Dignity, Not Division, Should Be Jewish Response to Insignificant London Skinhead Rally

The counter-demonstrations have been left to a plethora of activist groups, many making head-clutchingly clumsy links between neo-Nazis, Islamists, BDS and various other nebulous threats.

Daniella Peled
Daniella Peled
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A neo-Nazi demonstration in Wunsiedel, Germany, Nov. 15, 2014.
A neo-Nazi demonstration in Wunsiedel, Germany, Nov. 15, 2014.Credit: AFP
Daniella Peled
Daniella Peled

A group of neo-Nazis are preparing to rally in the heavily Jewish London suburb of Golders Green this week to protest supposed Jewish control of the capital.

This tiny group of mostly clapped-out neo-Nazis have already won themselves headlines in the national and local media for this extraordinary act of chutzpah. (To add insult to injury, they are rallying on July 4, a Saturday).

In April, the same gang turned up in Stamford Hill, north London, home to Europe’s largest ultra-Orthodox community. Between 20 and 30 middle-aged neo-Nazis spent a few hours corralled by police in a spot near the tube station. In this Haredi-dominated neighborhood, religious leaders told their congregants to ignore the neo-Nazis, and they duly followed suit.

A strong case could have been made for once again simply ignoring the whole sorry affair, because while hugely provocative, this rally is otherwise insignificant. Neo-Nazi movements briefly flourished in Britain in the 1970s and 1980s, but have been declining ever since. They need to be monitored, but as an organized movement, the far right presents a minimal threat.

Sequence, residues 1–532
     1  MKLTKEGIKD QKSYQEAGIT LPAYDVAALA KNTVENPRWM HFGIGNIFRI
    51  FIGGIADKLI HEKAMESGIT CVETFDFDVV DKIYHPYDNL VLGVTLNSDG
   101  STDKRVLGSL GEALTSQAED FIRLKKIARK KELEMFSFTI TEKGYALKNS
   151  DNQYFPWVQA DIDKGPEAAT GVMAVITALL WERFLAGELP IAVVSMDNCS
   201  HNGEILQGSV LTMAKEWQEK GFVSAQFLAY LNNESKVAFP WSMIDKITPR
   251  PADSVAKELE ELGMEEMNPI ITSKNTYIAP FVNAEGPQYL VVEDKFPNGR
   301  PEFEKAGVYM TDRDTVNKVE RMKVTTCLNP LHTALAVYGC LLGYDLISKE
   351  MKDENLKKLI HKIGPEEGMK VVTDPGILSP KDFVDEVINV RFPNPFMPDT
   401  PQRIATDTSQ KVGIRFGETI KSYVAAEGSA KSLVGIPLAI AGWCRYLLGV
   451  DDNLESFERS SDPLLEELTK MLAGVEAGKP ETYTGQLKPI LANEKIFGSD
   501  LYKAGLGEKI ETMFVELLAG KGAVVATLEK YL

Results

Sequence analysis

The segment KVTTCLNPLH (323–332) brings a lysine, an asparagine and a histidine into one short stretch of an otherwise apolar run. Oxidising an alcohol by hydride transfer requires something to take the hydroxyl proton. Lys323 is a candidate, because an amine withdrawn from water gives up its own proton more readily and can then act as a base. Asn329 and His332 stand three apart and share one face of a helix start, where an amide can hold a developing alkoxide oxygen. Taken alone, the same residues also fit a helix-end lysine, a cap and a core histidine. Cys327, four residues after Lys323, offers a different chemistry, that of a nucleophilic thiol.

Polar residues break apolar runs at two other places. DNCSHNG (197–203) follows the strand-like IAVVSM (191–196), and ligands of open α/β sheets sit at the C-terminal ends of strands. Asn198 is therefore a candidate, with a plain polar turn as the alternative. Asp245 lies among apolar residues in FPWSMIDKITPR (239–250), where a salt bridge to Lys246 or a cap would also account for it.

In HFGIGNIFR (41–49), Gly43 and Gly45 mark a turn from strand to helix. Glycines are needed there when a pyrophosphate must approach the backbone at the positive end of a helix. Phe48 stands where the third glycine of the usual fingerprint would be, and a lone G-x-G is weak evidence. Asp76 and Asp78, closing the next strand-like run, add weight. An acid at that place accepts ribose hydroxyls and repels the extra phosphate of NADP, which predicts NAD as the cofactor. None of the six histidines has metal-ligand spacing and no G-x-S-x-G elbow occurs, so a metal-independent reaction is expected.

Instead, some Jewish Londoners are now drawing comparisons with the Cable Street rally of 1936, where a popular protest fought back fascists in the heart of London’s Jewish East End.

Hyperbolic, but understandable. Whether their fear is justified or not, many in the community do feel under attack. There was a sharp spike in anti-Semitic incidents last summer at the time of the Gaza war, albeit mostly online.

Although pro-Palestinian groups managed to keep a lid on hate speech during the mass protests, many Jews still felt uncomfortable with such vociferous criticism of Israel. And George Galloway’s recently announced bid for mayor of London has also filled the community with dismay. Obviously, one must not imply any kind of link between the famously litigious Galloway and anti-Semitism, but London’s Jews will see every vote for him as one cast against their particular ethnic group.